It was ruled by Romulus and Titus Tatius, the King of the Sabine City of Cures (Wiki “Rape of the Sabines” for details) in its formative years. After their deaths, Numa Pompilius, the son-in-law of Titus Tatius, would be elected king (Yes, kings do get elected now and then, and need not always be dynastic like in India).

He is also credited with having organized the religion of Rome into an institution that would eventually provide the base for the Roman Catholic Church.

Initially, the Roman religion borrowed heavily from the Greek and the Etruscan religions. During the years of Numa Pompilius (717-673 BC), there were three major deities in the Roman Pantheon – Jupiter (God of Sky and Thunder), Mars (God of Agriculture) and Quirinus (God of War). Please note that Mars is mentioned as the God of Agriculture and not of War, which he would later become when he is more closely associated with Ares, the Greek God of War. The Roman Kingdom (753-509 BC) was largely agriculturist in nature and when the city became more militaristic in its Republican era (673-27 BC)., even the Gods changed portfolios.

These three Gods (What is with Gods and the number three?) and some of the lesser deities had priests associated with them – flamines, city officials and a post created by the aforementioned Numa. Numa also created the office of the Pontifex Maximus, who would eventually become the head of the Roman religious institution in the Roman Republic. The College of Pontiffs was also established during this time period and became the authoritative body of the religion.

Included in this College among others were the Pontifex Maximus, the flamines, the Rex Sacrorum, who would be the nominal substitute for the King in the Republic (which of course did not have a monarch and for that matter a solitary head of state, except in exceptional situations) chairing religious sacrifices, and the Vestal Virgins, an office that Numa had “borrowed” from the religion of Alba Longa.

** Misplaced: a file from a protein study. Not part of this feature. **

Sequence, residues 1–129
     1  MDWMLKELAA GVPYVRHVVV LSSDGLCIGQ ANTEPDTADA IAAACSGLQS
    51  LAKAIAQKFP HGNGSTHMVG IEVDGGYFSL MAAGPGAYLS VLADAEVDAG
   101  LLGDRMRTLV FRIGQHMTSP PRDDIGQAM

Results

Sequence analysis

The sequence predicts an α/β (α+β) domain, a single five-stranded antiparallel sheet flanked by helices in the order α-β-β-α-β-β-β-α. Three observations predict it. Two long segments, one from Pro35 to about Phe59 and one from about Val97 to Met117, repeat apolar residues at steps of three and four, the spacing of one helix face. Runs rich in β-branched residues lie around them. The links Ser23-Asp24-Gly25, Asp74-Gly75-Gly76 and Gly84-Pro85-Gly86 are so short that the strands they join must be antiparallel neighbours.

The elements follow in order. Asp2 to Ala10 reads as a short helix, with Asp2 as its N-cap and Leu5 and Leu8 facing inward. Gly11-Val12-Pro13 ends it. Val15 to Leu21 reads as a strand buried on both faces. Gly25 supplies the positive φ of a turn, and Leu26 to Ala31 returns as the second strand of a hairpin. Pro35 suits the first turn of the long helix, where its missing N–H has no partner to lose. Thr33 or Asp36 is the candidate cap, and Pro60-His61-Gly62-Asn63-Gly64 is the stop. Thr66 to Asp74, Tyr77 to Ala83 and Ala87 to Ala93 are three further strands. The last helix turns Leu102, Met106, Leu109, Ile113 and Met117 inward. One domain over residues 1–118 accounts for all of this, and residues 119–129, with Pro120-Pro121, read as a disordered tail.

Vestal Virgins were not the only practice that the Roman religion borrowed from other religions. In fact it was a compilation of all the religions it touched.

Rome absorbed the deities and religious customs of the lands just as they adsorbed those lands. With the absorption of the nearby Etruscan cities (The last being the city of Veii in 396 BC), the Roman Triad changed, to mirror the Etruscan one – Jupiter, Juno (Protector of the city and Jupiter’s wife) and Minerva (Goddess of Wisdom) as against Tinia (God of Thunder, among other things), Uni (Patron of the city of Veii and Tinia’s wife) and Menrva (Goddess of War and Wisdom). Juno and Minerva were borrowed from the Etruscan Uni and Menrva, though the latter lost the War portfolio to Mars (Maybe Quirinus, not sure if he was still relevant in 396BC). Later conquests of Greece, Egypt and Syria would induct their Gods to the Roman Pantheon as well. Isis, Egyptian Goddess of fertility and El-Gabal, Syrian Sun God, would have their tryst with fame in the later Roman Empire.

All this Borg like absorption of religions and changes in divinity may tend to be confusing to the layman, had it not been for the organized nature of the religion. The Pontifex Maximus and the College of Pontiffs were around to oversee the nature and order of the religion was preserved.  The Roman religion became a reflection of the nature of affairs in the city of Rome.

One thing that was distinctly smart on the part of the Romans was how they used their religion, especially in the course of a battle, to boost morale. Taking after the Etruscan tradition, Romans consulted their Gods before they went on battle (Or maybe after it, to interpret the results).  It considerably helped matters when the Roman Gods visited their generals in their dreams.